apiVersion: v1 kind: PersistentVolumeClaim metadata: name: pvc-restore namespace: demo-namespace spec: storageClassName: test-storageclass dataSource: name: test-snapshot kind: VolumeSnapshot apiGroup: snapshot.storage.k8s.io accessModes: - ReadWriteOnce resources: requests: storage: 1Gi
How to add support for snapshots in a CSI driver?
What are the limitations?
The GA implementation of volume snapshots for Kubernetes has the following limitations:
- Does not support reverting an existing PVC to an earlier state represented by a snapshot (only supports provisioning a new volume from a snapshot).
How to learn more?
The code repository for snapshot APIs and controller is here: https://github.com/kubernetes-csi/external-snapshotter
Check out additional documentation on the snapshot feature here: http://k8s.io/docs/concepts/storage/volume-snapshots and https://kubernetes-csi.github.io/docs/
How to get involved?
This project, like all of Kubernetes, is the result of hard work by many contributors from diverse backgrounds working together.
We offer a huge thank you to the contributors who stepped up these last few quarters to help the project reach GA. We want to thank Saad Ali, Michelle Au, Tim Hockin, and Jordan Liggitt for their insightful reviews and thorough consideration with the design, thank Andi Li for his work on adding the support of the snapshot validation webhook, thank Grant Griffiths on implementing metrics support in the snapshot controller and handling password rotation in the validation webhook, thank Chris Henzie, Raunak Shah, and Manohar Reddy for writing critical e2e tests to meet the scalability and stability requirements for graduation, thank Kartik Sharma for moving snapshot APIs and client lib to a separate go module, and thank Raunak Shah and Prafull Ladha for their help with upgrade testing from beta to GA.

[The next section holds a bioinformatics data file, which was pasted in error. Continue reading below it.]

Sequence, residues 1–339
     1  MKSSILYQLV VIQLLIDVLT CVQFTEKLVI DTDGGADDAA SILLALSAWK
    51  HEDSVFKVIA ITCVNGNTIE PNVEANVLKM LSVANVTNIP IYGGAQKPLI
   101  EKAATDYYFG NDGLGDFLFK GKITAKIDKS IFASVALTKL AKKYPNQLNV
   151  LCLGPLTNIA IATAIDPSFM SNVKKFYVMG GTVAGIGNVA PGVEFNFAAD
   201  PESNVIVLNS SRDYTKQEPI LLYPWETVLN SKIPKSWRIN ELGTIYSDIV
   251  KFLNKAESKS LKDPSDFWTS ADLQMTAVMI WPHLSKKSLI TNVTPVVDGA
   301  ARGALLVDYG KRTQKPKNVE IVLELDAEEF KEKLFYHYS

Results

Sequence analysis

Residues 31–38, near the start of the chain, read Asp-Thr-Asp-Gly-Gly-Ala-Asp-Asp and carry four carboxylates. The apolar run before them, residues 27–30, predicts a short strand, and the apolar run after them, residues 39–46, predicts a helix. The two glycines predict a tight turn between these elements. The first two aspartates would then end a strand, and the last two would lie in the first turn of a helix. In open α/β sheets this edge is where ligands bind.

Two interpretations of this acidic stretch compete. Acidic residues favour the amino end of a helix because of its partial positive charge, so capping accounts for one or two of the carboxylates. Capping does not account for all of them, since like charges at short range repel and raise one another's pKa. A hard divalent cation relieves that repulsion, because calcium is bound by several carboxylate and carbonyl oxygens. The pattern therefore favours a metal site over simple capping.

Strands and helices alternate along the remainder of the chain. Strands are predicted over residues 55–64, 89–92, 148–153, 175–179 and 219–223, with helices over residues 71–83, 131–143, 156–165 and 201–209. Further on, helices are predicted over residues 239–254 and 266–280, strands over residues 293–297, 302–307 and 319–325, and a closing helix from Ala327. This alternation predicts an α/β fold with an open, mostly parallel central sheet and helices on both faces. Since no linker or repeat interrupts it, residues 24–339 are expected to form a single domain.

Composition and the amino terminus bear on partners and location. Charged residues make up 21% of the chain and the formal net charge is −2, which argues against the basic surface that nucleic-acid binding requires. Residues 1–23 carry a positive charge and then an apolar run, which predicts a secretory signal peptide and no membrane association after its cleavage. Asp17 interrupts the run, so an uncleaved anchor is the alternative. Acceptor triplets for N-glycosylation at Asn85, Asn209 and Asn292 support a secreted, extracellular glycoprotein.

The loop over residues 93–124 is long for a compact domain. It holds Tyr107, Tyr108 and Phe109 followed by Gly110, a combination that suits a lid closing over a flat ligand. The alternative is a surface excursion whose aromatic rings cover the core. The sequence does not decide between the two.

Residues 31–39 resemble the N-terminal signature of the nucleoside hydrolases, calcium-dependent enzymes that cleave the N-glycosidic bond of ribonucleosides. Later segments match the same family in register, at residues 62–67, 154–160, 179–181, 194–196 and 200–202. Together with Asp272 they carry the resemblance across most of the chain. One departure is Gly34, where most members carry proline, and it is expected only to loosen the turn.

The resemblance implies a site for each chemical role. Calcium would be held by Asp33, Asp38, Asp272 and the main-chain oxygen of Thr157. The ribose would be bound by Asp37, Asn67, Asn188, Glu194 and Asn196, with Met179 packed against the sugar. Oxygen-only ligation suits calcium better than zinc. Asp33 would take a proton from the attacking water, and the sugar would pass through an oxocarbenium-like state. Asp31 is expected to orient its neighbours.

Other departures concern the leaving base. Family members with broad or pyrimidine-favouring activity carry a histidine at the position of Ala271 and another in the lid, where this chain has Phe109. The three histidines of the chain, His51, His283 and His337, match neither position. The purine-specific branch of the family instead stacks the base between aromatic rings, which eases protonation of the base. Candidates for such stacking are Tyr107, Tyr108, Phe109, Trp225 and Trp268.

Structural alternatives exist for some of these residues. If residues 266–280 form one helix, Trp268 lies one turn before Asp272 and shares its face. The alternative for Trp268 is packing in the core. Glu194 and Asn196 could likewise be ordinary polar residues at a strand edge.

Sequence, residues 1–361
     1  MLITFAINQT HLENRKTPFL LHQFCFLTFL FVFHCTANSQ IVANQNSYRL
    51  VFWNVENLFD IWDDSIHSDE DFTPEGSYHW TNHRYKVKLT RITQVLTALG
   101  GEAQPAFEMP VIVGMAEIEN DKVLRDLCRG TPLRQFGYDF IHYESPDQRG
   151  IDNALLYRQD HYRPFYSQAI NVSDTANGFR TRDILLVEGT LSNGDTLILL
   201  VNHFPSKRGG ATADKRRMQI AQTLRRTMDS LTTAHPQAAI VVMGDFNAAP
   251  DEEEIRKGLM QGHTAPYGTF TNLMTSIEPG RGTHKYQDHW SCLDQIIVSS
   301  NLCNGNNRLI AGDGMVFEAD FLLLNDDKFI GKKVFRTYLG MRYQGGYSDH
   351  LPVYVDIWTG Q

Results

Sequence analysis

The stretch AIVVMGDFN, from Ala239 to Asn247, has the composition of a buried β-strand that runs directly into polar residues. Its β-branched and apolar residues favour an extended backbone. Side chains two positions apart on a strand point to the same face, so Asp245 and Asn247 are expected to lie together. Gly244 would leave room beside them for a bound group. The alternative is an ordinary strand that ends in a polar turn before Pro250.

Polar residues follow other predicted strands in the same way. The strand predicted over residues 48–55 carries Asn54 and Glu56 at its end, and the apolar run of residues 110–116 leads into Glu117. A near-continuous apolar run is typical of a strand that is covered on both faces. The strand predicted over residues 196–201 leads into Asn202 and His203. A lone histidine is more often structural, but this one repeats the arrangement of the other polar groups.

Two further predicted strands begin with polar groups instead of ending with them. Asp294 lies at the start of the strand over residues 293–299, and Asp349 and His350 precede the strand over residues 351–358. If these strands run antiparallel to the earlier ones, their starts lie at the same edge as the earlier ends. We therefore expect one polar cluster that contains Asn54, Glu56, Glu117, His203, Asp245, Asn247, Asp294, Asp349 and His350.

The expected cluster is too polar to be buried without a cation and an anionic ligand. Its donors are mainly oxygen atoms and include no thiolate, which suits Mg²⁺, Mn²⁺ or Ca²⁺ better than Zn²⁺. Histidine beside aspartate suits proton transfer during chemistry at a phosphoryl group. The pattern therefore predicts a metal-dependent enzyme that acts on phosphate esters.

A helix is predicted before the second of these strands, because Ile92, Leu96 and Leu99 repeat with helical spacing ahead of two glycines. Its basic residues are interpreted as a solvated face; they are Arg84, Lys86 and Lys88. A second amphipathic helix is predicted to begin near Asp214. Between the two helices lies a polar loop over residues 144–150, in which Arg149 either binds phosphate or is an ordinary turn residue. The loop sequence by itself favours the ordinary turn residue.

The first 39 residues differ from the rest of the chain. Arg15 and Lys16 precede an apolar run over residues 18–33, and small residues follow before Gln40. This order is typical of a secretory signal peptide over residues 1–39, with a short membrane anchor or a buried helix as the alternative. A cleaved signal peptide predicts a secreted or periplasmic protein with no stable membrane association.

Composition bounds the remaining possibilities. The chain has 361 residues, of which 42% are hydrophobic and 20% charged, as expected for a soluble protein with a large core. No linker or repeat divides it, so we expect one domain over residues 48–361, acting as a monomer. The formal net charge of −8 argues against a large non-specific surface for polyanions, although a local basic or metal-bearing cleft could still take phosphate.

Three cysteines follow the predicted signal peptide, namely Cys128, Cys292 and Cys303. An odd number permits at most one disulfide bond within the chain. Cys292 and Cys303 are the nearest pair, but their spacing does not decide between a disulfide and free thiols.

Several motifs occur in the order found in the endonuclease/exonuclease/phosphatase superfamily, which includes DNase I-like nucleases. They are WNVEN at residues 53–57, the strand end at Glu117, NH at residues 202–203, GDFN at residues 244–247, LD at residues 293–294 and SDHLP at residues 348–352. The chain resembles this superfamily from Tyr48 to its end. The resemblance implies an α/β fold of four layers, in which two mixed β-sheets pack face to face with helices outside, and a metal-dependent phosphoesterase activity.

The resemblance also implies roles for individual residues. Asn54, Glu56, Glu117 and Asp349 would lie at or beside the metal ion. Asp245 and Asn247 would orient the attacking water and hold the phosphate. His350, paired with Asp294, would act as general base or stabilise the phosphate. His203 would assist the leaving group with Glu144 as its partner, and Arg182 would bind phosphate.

There are many more people who have helped to move the snapshot feature from beta to GA. We want to thank everyone who has contributed to this effort:
- Andi Li
- Ben Swartzlander
- Chris Henzie
- Christian Huffman
- Grant Griffiths
- Humble Devassy Chirammal
- Jan Šafránek
- Jiawei Wang
- Jing Xu
- Jordan Liggitt
- Kartik Sharma
- Madhu Rajanna
- Manohar Reddy
- Michelle Au
- Patrick Ohly
- Prafull Ladha
- Prateek Pandey
- Raunak Shah
- Saad Ali
- Saikat Roychowdhury
- Tim Hockin
- Xiangqian Yu
- Xing Yang
- Zhu Can
For those interested in getting involved with the design and development of CSI or any part of the Kubernetes Storage system, join the Kubernetes Storage Special Interest Group (SIG). We’re rapidly growing and always welcome new contributors.
We also hold regular Data Protection Working Group meetings. New attendees are welcome to join in discussions.